By Cheryl Mattix
Business leaders in Cecil County oppose cuts to the county's Department of Economic Development, saying a recession is not the time to cut this effort.
Several business supporters are expected to testify today at two public hearings on the proposed $162 million county operating budget that trims spending and maintains a constant yield tax rate.
Cecil County commissioners are proposing to cut the economic development office's request by $110,610, targeting the elimination of a marketing specialist position, $22,500 membership dues in the Economic Alliance of Greater Baltimore and $27,500 in additional miscellaneous cuts.
Tom Sadowski, president and CEO of the EAGB, is scheduled to talk to commissioners today during a work session to explain the value of a membership.
"What message does this send to other members of the Economic Alliance of Greater Baltimore if Cecil County cuts its membership?" asked Carl Roberts, a member of the Cecil County Economic Development Commission.
Roberts and several other EDC members expressed their outrage last week that the county is contemplating elimination of this membership and economic development marketing as ways to trim the budget this year.
"This is penny-wise and pound foolish," Roberts said of the $22,500 cut. "This is an example of not understanding our future."
Director of Economic Development Vernon Thompson told the EDC last week that the county worked hard to get a membership in this organization that he describes as a valuable marketing tool.
"We have more in common with Baltimore than we do with Kent and Queen Anne's counties," Roberts said.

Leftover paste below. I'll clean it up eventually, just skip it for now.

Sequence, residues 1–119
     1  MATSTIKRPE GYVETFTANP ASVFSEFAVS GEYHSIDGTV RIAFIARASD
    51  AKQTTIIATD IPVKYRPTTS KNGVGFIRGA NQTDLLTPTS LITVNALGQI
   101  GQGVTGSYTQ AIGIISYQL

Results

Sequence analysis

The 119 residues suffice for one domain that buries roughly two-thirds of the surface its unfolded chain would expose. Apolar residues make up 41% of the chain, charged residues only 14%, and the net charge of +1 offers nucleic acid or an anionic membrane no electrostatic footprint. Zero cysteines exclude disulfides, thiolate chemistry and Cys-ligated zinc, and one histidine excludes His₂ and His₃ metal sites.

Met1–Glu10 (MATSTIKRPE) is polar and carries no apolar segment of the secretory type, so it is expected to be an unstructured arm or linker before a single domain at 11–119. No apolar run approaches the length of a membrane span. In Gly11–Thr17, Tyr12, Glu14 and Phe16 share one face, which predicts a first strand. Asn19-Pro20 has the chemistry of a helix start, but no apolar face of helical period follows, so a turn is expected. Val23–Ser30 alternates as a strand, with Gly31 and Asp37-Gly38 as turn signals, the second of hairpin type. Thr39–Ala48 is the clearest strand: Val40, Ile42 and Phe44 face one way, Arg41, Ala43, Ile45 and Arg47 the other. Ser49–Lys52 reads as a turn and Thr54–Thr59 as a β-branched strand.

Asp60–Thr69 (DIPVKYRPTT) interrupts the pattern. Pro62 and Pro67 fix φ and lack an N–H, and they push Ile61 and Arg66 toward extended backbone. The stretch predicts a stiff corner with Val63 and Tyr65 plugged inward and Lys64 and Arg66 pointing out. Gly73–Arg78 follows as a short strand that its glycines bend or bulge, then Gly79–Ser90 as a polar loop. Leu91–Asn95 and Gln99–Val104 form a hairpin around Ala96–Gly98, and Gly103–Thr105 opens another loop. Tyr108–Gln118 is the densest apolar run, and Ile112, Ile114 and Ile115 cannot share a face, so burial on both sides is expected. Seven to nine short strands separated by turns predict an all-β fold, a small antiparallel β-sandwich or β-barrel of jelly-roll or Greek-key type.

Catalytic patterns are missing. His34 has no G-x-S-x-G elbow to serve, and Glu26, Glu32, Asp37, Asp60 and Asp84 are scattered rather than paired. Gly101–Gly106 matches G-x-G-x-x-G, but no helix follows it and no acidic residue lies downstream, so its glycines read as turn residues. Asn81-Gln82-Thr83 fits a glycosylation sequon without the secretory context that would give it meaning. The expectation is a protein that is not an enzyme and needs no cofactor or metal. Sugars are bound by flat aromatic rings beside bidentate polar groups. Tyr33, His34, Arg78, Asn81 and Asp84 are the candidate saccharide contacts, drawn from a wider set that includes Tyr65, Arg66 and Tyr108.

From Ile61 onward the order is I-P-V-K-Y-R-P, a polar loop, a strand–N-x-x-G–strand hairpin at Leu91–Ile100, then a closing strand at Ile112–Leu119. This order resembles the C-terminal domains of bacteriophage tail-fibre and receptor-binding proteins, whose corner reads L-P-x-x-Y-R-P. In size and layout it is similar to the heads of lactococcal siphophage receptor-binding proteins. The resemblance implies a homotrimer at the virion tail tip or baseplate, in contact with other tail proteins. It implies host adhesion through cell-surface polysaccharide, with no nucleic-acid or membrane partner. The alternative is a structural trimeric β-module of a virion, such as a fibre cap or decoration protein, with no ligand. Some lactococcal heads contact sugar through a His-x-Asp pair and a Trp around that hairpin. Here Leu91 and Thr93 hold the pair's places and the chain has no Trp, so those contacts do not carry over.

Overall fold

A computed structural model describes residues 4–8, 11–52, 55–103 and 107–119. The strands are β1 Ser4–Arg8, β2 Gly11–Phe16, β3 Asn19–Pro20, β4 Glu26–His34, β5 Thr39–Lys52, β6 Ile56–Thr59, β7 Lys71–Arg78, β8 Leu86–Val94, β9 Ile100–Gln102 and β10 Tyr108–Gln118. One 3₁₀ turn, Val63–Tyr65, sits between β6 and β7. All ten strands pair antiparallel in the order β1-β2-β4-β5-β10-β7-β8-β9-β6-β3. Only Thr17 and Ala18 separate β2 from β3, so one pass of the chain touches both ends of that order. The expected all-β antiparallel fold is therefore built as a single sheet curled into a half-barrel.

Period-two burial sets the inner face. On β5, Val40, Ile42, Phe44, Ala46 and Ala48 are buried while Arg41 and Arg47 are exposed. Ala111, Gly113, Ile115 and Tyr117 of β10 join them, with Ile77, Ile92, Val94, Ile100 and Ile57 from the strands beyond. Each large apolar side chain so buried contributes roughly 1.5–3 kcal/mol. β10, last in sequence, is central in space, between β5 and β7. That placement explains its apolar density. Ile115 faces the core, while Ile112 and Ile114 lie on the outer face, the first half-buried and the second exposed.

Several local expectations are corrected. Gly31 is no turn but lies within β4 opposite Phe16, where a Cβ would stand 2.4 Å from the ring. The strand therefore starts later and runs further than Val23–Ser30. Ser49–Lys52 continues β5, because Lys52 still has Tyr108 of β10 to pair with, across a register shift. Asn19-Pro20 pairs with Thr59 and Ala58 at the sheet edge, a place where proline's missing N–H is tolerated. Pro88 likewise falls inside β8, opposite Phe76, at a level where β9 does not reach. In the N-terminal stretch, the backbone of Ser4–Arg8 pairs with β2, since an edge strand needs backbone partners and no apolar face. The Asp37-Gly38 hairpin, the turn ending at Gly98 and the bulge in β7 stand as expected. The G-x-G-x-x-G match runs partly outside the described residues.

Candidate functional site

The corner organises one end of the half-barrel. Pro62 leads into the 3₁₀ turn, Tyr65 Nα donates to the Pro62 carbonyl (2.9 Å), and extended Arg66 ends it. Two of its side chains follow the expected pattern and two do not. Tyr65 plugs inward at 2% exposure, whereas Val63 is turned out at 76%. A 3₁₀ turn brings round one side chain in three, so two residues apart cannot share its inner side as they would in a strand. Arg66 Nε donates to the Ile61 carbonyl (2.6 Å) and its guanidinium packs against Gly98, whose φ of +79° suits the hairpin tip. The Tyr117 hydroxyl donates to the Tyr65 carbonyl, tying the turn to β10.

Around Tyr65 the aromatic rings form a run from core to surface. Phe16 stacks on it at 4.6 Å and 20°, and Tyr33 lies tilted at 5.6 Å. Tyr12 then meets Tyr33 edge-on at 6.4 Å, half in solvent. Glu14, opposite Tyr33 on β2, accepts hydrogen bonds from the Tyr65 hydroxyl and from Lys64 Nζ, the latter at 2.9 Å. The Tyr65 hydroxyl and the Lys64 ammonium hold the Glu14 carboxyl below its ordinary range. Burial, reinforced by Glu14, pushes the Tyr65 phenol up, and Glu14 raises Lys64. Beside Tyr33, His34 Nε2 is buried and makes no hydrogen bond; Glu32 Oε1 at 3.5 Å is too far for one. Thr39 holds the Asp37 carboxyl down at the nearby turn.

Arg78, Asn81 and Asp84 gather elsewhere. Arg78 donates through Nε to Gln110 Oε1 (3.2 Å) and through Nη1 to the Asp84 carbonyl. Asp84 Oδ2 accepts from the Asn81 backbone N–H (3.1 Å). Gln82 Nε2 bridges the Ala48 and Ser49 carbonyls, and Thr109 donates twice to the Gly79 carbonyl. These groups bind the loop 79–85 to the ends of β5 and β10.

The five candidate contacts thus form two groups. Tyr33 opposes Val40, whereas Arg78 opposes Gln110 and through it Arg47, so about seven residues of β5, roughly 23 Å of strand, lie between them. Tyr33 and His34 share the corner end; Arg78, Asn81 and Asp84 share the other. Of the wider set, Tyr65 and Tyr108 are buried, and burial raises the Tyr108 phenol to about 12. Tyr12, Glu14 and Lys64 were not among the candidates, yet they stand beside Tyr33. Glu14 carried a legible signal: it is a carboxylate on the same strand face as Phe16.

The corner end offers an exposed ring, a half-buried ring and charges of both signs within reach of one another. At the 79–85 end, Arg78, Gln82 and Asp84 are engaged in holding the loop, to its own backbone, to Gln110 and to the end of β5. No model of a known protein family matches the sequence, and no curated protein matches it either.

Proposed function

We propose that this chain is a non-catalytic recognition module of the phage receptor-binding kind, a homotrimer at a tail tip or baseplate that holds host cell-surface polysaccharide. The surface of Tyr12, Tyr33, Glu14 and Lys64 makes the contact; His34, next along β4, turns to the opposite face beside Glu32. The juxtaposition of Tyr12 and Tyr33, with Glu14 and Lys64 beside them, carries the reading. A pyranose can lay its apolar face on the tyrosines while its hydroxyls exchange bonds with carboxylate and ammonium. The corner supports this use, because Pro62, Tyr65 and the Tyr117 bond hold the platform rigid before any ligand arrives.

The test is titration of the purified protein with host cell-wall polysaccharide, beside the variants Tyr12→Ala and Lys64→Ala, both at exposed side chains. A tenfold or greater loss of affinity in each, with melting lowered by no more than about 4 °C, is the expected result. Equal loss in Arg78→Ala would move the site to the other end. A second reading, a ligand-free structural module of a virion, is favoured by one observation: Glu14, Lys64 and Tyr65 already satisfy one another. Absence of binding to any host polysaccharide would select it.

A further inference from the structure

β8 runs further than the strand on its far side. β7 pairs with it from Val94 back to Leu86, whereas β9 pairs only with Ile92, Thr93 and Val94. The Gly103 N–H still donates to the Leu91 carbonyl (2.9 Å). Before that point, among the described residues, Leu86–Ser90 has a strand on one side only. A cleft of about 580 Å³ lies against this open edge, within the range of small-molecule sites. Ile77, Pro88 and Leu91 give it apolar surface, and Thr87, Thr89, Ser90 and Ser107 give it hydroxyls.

Commissioner Robert Hodge, who attended last week's EDC meeting along with Commissioner Tari Moore, told Roberts that former board President Brian Lockhart and current President Jim Mullin don't attend the meetings, so the membership hasn't been taken advantage of by the board.
"Shame on us," Roberts said. "Not taking advantage of this is a reason to re-focus efforts, not cut," he said.
EDC members told Mike Ratchford, a W.L. Gore Associate and chairman of the EDC, to send a letter to commissioners supporting funding the marketing position and the membership in the EAGB.
Paula Gilley, a member of the Board of Realtors and EDC, said the Board of Realtors is also in support of the full budget request for the office of economic development.
Gary Stewart of Stewart Properties, a development and investment company, said the budget being proposed by the county commissioners sends a mixed message.
"They say they want business development, yet they don't support it in their budget," Stewart said.
"You just don't cut economic development in a recession," he said.
Hodge reminded EDC members that the county has a limited pot of money to work with and they are not going to raise taxes.
"It's unrealistic for you to believe you'll get everything you want," he said.